Top Stories

Is world oil production peaking?

Is world oil production peaking? Quite possibly. Data from the International Energy Agency (IEA) show a pronounced loss of momentum in the growth of oil production during the last few years. After climbing from 82.90 million barrels per day (mb/d) in 2004 to 84.15 mb/d in 2005, output only increased to 84.80 mb/d in 2006 and then declined to 84.62 mb/d during the first 10 months of 2007.    >> Read the Full Article

ENN Week in Review : Nov 12th - 16th

We've rounded up some of the important stories you may have missed this week.  ENN Weekly: Many bear species face extinction, Russia's Oil Spill on the Black Sea, Dutch official wary of Biofuels unseen impacts, China's growing energy & pollution problems, Honda goes solar and much more.

 

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'Cooling down' begins at Svalbard Global Seed Vault

LONGYEARBYEN, NORWAY —Refrigeration units began pumping chilly air deep into an Arctic mountain cavern today, launching the innovative and critical “cooling down” phase of the Svalbard Global Seed Vault in advance of its official opening early next year as a fail-safe repository of the world’s vital food crops. Svalbard is now three days into the three-month “Polar Night” period when there is 24 hours of complete darkness. >> Read the Full Article

Midwest governors sign climate change accord

MILWAUKEE (Reuters) - Midwest U.S. states signed agreements on Thursday designed to cut greenhouse gases, promote energy conservation and fight global warming.

The third such pact between U.S. states means that nearly half of Americans will be living in areas covered by agreements designed to combat global warming, according to the Washington-based World Resources Institute.

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Virulent form of cold virus worries experts

WASHINGTON (Reuters) - A new and virulent strain of adenovirus, which frequently causes the common cold, killed 10 people in parts of the United States earlier this year and put dozens into hospitals, U.S. health officials said on Thursday.

A U.S. Centers for Disease Control and Prevention report detailed cases of people ill in May of 2006 and from March to June of 2007 with a strain of the virus called adenovirus 14 in New York, Oregon, Washington state and Texas.

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Weird dinosaur was "cow of the Mesozoic"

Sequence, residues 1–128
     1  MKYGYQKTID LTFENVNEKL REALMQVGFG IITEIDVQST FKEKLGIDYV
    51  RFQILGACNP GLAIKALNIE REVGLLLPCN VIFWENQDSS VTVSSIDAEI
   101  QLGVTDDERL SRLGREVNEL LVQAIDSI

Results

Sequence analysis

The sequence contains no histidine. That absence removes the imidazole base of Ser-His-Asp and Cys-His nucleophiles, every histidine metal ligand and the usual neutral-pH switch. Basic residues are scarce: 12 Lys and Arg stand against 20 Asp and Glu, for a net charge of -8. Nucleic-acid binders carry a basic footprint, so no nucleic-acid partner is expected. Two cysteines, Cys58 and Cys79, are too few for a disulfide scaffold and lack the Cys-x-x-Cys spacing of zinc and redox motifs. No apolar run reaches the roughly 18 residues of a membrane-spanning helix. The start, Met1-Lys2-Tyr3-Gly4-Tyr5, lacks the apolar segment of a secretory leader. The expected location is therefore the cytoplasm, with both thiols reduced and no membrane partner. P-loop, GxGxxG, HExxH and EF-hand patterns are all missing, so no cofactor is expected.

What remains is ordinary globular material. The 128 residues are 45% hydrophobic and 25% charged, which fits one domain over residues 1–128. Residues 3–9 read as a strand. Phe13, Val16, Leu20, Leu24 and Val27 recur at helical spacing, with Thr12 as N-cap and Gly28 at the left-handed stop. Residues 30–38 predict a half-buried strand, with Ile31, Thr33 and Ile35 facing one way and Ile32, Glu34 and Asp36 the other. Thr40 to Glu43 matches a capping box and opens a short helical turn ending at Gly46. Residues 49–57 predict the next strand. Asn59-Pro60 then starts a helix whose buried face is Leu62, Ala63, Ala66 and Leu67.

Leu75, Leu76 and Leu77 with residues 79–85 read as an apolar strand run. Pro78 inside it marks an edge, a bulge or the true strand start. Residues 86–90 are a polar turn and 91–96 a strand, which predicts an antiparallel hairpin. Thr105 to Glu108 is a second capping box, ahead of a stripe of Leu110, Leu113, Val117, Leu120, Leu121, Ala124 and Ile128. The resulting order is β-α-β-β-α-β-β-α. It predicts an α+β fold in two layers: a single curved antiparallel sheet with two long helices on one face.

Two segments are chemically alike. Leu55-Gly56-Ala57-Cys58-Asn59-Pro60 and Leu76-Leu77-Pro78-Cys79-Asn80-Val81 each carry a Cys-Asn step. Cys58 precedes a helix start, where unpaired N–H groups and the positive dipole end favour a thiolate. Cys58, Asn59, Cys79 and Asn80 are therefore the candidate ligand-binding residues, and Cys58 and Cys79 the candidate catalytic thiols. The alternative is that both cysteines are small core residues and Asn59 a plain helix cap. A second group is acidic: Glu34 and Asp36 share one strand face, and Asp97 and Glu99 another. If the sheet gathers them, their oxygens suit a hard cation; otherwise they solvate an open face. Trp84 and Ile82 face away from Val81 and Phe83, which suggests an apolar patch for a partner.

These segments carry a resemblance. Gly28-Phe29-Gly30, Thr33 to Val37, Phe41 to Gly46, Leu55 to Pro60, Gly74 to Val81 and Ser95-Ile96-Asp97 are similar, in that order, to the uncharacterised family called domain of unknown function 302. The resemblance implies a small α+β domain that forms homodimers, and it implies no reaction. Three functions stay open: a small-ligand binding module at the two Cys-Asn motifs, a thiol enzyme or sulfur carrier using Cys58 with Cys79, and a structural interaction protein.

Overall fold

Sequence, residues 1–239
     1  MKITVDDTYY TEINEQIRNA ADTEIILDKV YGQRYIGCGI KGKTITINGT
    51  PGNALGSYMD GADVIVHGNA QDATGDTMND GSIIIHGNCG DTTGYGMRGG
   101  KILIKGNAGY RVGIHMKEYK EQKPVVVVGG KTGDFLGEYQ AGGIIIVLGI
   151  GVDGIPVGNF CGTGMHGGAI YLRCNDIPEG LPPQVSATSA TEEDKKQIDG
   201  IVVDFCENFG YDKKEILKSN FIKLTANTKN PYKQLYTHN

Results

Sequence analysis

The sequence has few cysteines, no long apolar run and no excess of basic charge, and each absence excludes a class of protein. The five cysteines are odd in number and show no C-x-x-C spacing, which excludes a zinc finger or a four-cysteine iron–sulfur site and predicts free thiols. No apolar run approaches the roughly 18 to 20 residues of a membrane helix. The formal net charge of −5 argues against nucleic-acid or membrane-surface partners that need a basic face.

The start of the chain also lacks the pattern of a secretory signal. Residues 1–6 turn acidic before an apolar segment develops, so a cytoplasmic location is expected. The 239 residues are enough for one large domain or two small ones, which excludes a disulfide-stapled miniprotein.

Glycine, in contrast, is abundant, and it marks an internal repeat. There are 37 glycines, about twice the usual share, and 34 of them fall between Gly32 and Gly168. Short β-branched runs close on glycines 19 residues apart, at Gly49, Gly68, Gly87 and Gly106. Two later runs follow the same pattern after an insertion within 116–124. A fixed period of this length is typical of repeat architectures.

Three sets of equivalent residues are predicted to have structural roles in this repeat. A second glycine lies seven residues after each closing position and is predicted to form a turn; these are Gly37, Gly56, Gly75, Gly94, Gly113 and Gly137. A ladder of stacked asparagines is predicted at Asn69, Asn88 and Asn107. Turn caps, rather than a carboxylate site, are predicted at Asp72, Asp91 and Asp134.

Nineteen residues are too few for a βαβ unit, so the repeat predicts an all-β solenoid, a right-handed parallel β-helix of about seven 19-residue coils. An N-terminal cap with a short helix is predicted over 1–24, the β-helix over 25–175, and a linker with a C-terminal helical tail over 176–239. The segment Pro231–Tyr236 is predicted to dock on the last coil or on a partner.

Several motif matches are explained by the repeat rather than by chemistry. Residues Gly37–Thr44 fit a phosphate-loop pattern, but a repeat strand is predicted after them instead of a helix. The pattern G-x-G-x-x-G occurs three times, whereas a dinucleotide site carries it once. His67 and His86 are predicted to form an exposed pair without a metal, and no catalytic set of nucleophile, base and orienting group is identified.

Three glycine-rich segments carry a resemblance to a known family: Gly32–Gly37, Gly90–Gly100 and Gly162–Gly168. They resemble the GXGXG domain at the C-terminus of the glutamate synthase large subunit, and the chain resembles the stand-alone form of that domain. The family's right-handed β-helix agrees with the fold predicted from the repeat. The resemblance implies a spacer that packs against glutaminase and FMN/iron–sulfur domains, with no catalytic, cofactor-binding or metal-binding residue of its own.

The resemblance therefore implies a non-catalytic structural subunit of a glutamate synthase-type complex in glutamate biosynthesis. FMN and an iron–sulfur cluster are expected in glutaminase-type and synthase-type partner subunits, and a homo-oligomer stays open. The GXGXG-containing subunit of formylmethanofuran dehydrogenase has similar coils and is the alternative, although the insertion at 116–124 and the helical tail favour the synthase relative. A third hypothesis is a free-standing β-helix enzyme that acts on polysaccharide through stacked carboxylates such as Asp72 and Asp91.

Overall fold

WASHINGTON (Reuters) - A strange-looking dinosaur with rows of tiny teeth crammed into the very front of its jaws and fragile air-filled bones may have been the "cow of the Mesozoic," and far more common than better-known dinosaurs, scientists said on Thursday.

Its shovel-shaped jaws and tightly packed teeth -- up to 10 rows of teeth -- allowed Nigersaurus taqueti to vacuum through ferns and other ground cover, a team led by Paul Sereno at the University of Chicago reported.

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Comet Holmes' display captivates stargazers

The normally sedate Comet Holmes made a bright splash in the sky about two weeks ago, unexpectedly becoming a million times brighter than normal overnight and causing a stir among astronomers.

The comet and its expanding ball of dust have become the biggest object in the solar system, with a diameter appearing even bigger than the sun, according to astronomers at the University of Hawaii Institute for Astronomy.

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Bangladesh cyclone toll tops 500

DHAKA (Reuters) - A severe cyclone has killed more than 500 people in Bangladesh and left thousands injured or missing, triggering an international relief effort on Friday to help the army-backed interim government cope with the disaster.

Local officials and Red Crescent workers said 508 deaths have been confirmed. Hundreds more were injured or missing after Cyclone Sidr struck overnight packing winds of 250 kph (155 mph).

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Black Sea to take years to recover from oil spill

Moscow, Russia – The oil spill that wreaked havoc in the Kerch Strait leading to the Black Sea last week will take at least 5 to 10 years for the marine environment to recover, says WWF.According to WWF specialists, the 2000-tonne spill has badly affected the local fishing industry. Fish caught in the Kerch Strait are not safe for consumption.

 

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Coal Creates Legacy for China’s Past, Future

Acid rain and air pollution, mainly from the burning of coal, have contributed to the degradation of more than 80 percent of China’s 33 designated World Heritage sites, according to the Associated Press. Across the nation, particulates from smokestacks have stained historic structures and statues black, including the 17-meter Leshan Giant Buddha, a sandstone landmark that has stood in Sichuan Province since the 7th century. >> Read the Full Article